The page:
At 135 miles per hour, I become very aware that my hands are the only things keeping me alive. I realize I am tethered. I glance down and they seem alien to me, the feeling you get when you say a word slowly too many times and it stops making sense: these two pasty-white, measly strips of flesh and the ten spindly rods that have coiled themselves around the sweaty black leather. They are so locked on the wheel that I wonder if they have become part of it.
The shaking pricks my fingertips and makes it to my forearms. The steering wheel quakes. The car is not built for this. It wants to shake, shudder, swerve. My eyes flicker down to the dashboard. 140. Still no other cars in sight; still a stick-straight road ahead.
I stop paying attention to speed. I’m stuck analyzing the language of my own thoughts. How, in the past 5 minutes, have I ascribed to this road and this car the ability to want? I’m the one who wanted to be on this road. I wanted to put my foot down. I can take my foot, still flooring the accelerator, off.
But I do not. My knee stays locked and my foot keeps pressing. I take the tremor surging through my arms, take my blurred logic, and harness the two into one dreadful potential energy.
Turn the wheel, Daniel. Turn the wheel. TURN THE WHEEL.
My eyes glaze; sight does not matter. Every nerve, every muscle, every ounce of tissue is ready to jerk, hard, to the left. I imagine armies of little arm-atoms waiting for the order, tense, at the ready. I imagine the sound of the skid as road grinds rubber. The aching creak of the car’s metal frame as it tumbles onto the grass and flips round and round, James Bond style, in a whirling ball of flame and climactic, invigorating death.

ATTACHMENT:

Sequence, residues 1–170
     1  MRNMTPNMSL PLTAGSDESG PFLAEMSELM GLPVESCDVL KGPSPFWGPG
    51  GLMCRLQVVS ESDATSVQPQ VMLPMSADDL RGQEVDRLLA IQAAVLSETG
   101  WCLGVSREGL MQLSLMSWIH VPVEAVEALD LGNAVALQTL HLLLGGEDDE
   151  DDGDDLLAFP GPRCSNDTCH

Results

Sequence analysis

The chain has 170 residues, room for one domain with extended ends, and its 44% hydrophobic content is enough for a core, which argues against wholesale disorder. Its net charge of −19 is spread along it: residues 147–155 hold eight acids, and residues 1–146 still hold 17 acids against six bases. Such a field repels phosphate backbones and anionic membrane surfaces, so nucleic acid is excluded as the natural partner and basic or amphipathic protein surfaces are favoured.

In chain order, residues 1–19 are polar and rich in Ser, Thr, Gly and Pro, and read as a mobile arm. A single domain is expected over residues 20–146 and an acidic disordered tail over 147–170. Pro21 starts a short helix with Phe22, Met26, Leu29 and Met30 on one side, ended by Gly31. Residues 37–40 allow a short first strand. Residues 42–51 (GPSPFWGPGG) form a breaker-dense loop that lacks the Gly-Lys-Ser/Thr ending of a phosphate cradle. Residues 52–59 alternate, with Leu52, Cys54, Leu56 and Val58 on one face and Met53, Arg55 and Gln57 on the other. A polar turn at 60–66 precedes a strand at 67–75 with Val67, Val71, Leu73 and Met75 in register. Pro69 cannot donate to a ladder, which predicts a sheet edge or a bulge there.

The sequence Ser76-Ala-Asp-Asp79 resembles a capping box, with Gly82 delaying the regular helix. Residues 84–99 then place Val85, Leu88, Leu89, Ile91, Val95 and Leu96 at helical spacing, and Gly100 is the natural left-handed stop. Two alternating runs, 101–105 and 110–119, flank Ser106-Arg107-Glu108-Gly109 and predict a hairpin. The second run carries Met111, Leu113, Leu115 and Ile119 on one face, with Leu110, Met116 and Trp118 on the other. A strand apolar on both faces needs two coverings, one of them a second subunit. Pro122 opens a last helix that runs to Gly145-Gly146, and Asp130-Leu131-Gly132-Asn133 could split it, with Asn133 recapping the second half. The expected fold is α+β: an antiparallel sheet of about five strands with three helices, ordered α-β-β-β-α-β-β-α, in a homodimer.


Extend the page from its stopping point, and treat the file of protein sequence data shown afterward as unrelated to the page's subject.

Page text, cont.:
And for what cannot be more than half a second, I want it. I want to fire up every neuron in my puny little hands. My death seems like a small price for the rush of letting all that potential energy become kinetic: it is so tempting. In my head, the argument feels right. I can’t store this avalanche. I can’t make potential energy dissolve. You want this, Daniel. Not the road. Not the car. You.
I don’t know where the tingling goes. But something – my brain’s safety alarm, of sorts – calls my arms off. My foot relaxes. The engine sighs, and my right hand, numb from pressure, collapses. 105, 95, 80. Perhaps I’m in shock. My brain does not stop to ask why, does not stop to search for that energy. It can’t have disappeared; it must have passed back, from chest to arms to hands to fingers to wheel. It’s somewhere, dormant. My brain shrugs – well, that was interesting – and points my eyes straight ahead. The road is grumpy and lonely.